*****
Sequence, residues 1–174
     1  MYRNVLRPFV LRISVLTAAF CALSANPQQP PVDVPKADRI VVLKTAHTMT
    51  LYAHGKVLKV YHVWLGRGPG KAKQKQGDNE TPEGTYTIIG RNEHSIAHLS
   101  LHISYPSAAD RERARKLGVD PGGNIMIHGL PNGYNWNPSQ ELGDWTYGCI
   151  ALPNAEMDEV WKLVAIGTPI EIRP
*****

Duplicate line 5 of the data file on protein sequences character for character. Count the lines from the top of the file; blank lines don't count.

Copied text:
   151  ALPNAEMDEV WKLVAIGTPI EIRP